Here's a sample of data projects I've built, helped build, edited, and directed. For more of my latest work, see my bio page at the New York Times.
How Covid-19 slammed US intensive care units
I helped build and wrangle coronavirus data for stories and an interactive lookup based on hospital-reported information about intensive care units and Covid-19 patients during the height of the second wave in late 2020 and early 2021.
Tracking the White House coronavirus outbreak
When Donald Trump announced he had tested positive for the coronavirus, I was part of the team that sprung into action to track those who tested positive around him, document how the administration flouted its own official health guidelines, and explain how long he and others should remain isolated.
Can you tell a 'Trump' fridge from a 'Biden' Fridge?
Ahead of the 2020 presidential election, the New York Times wanted to find a way to get a more personal look at the people behind the polls — so I set up a poll that asked people who they were planning to vote for ... and would they please take a picture of the inside of their refrigerator. From the results, I built a game that explored our similarities, differences, and assumptions, and garnered more than 28 million guesses.
Mining the Luanda Leaks with machine learning
Our team at Quartz helped journalists from around the world use machine learning to mine 700,000 documents detailing how Isabel dos Santos siphoned hundreds of millions of dollars out of Angola, We used machine learning to help reporters locate tax documents, board minutes, and other key pages buried in the trove.
Uncovering a precious-metals scheme targeting seniors
I edited this multi-story investigation in which Quartz reporters on the investigations team found that Facebook ads were leading conservative seniors into a precious-metals pitch that cost them thousands of dollars.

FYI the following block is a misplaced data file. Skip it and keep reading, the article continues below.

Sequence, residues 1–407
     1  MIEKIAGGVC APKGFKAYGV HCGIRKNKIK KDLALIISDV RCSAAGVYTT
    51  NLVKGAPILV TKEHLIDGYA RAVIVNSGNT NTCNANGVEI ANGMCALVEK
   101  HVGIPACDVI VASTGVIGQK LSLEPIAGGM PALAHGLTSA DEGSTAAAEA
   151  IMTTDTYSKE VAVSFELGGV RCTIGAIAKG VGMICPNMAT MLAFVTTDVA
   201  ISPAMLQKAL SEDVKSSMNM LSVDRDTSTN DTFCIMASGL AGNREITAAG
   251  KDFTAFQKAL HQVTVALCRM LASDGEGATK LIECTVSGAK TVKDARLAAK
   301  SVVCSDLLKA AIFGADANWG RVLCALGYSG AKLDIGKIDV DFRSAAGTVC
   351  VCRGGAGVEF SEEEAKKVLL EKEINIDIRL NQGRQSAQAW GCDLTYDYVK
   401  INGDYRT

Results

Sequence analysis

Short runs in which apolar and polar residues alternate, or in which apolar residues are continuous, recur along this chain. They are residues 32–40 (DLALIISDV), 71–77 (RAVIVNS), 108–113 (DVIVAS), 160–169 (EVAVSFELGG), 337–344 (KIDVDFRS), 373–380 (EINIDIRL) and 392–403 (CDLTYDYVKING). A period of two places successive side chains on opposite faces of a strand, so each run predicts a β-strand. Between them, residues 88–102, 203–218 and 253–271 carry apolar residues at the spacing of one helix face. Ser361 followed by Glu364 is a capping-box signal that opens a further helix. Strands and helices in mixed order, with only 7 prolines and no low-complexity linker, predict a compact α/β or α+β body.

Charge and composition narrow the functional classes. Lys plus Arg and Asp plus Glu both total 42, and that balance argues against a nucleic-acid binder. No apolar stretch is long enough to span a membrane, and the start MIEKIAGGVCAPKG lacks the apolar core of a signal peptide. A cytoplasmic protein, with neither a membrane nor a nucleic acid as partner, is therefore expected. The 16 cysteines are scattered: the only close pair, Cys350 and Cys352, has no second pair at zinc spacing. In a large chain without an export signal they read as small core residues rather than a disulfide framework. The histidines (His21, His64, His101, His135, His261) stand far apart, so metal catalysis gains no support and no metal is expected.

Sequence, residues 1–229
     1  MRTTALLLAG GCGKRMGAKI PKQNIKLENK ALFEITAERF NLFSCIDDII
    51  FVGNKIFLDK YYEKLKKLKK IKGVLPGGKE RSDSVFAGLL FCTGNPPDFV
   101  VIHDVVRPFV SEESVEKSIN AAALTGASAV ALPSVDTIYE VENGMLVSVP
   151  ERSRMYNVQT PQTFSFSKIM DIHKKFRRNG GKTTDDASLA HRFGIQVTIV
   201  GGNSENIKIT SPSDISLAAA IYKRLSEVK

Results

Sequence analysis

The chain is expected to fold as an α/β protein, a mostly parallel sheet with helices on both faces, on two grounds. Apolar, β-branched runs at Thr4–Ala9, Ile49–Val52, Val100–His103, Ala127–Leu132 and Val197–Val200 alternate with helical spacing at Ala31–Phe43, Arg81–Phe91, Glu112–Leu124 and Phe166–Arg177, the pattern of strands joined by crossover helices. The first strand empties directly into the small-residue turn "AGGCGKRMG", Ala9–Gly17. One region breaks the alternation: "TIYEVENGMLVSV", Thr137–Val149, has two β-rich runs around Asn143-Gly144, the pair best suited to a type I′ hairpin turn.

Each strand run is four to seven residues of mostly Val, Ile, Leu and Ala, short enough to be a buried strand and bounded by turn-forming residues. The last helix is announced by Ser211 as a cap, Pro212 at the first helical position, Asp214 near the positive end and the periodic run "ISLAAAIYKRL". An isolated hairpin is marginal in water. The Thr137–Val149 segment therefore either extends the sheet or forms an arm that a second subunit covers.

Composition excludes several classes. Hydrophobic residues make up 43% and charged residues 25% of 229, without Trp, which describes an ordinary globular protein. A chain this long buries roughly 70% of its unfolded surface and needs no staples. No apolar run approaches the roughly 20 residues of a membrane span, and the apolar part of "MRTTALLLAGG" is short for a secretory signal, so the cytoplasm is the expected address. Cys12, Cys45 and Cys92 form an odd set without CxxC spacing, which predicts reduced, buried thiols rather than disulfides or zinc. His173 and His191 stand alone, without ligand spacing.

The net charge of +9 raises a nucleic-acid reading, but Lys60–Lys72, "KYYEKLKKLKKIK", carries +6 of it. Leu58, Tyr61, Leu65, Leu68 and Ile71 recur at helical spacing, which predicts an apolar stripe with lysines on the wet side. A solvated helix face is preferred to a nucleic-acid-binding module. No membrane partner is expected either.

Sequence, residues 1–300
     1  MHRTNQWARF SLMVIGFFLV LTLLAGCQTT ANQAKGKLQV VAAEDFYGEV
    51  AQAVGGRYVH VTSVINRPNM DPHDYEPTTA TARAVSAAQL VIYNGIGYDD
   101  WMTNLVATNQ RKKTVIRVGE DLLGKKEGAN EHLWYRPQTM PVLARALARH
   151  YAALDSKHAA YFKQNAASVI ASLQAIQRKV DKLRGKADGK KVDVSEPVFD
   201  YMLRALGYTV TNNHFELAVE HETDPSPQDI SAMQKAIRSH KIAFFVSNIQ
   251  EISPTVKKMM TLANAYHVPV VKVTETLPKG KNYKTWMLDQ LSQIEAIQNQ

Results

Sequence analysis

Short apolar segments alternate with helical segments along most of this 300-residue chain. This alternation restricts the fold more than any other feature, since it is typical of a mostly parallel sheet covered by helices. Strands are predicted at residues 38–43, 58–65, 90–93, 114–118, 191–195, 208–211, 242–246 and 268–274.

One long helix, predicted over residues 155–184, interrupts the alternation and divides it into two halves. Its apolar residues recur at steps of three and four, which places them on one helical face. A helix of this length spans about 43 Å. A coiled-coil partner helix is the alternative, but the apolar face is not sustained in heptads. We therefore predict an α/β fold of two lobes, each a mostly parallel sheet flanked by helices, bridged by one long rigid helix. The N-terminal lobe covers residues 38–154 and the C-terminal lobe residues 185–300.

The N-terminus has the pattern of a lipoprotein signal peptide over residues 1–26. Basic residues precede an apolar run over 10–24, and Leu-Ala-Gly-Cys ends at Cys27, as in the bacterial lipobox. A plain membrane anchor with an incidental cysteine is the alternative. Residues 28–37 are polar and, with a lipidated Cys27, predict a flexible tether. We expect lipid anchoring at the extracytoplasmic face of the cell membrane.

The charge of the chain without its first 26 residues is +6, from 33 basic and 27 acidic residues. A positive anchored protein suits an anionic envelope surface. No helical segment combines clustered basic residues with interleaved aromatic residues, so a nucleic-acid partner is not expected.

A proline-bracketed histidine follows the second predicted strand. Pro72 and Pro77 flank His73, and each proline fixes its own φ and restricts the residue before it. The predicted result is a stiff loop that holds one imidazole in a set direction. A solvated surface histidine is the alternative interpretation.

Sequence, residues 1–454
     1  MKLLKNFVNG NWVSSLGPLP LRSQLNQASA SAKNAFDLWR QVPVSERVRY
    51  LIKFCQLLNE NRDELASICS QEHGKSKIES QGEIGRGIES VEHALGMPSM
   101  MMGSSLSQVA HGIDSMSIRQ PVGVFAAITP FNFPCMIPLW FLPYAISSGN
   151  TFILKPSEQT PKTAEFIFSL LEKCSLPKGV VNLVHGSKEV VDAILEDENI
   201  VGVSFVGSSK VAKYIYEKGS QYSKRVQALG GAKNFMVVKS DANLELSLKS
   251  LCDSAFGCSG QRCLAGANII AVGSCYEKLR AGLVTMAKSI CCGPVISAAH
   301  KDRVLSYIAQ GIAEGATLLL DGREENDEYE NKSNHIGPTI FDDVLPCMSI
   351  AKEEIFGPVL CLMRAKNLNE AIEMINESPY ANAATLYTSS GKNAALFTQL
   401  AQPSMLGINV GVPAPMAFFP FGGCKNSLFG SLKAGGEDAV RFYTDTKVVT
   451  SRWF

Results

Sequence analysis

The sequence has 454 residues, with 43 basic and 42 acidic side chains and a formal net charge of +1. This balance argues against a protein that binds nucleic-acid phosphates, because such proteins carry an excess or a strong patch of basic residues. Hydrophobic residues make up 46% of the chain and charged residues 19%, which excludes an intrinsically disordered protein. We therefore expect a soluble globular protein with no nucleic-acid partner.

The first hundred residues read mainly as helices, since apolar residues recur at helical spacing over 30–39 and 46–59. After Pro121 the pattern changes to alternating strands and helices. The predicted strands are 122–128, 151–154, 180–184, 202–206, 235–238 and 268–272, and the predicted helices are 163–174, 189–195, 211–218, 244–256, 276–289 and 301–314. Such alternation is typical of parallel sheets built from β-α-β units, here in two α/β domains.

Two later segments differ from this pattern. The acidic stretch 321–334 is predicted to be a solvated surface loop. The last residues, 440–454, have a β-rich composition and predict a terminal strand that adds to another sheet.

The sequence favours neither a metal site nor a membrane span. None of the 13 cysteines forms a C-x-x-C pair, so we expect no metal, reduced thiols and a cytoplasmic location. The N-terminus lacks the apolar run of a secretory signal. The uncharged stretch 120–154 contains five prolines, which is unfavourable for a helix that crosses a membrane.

120,000 people purged from Brooklyn voter rolls
Our WNYC Data News Team noticed that tens of thousands of voters were suddenly missing from the NYC voter rolls. Within days we found that the number was twice as large as initially believed, and that Hispanic voters had been disproportionately purged. Our ongoing reporting and analysis led to state and federal investigations, and eventually to a consent decree mandating the board of elections overhaul its procedures. And, importantly, our work led to the restoration of those voters to the rolls.
Mean Streets: Tracking deaths in NYC
As the murder rate dropped in New York City, residents became concerned with another killer: cars. Pedestrians, bicyclists, and others were dying at an alarming rate. But there was no firm data about exactly how many people were being killed. Several different departments disagreed on the stats, and nobody's numbers matched those of the police. So we started tracking every fatality, cross-referencing official figures, press, and social-media reports. Our became the de-facto "official" count as the city moved to implement "Vision Zero" — to bring traffic deaths to zero — and our coverage kept a close eye on that effort.
Superstorm Sandy: Deadly topology
This was a challenge: How to clearly illustrate a story about how a bowl-shaped neighborhood on Staten Island suffered an unusual concentration of deaths during Sandy — likely because they were caught off guard by water rushing into that basin. I worked from an open data set of elevation contours to design and build this map, experimenting with many approaches to the data and presentation until it was as clear as possible. The deployed version, which no longer functions, was a "slippy map" you could pan and zoom.
"Resisting arrest" in black and white
The WNYC Data News team I led, working with an investigative reporter at the station, revealed that NYPD officers were fare more likely to add "resisting arrest" charges for black suspects than for white suspects. Since we looked at the pool of people already arrested for drug crimes, disorderly conduct, and theft over five years, this calculation suggested a bias beyond the systemic racial imbalance of overall arrests.
The cops behind NYPD "resisting arrest" arrests
While the illustration is simple, the work behind it was not at all. In that same series, we analyzed five years of court records to show that a small percentage of NYPD police officers were behind the majority of the "resisting arrest" charges, a charge known to be used to justify use of force.
A bot to monitor federal courts
I built a bot that watched federal court filings for specific criteria and fed what it found to former Quartz reporter Justin Rohrlich. He used that information as the basis for nine scoops.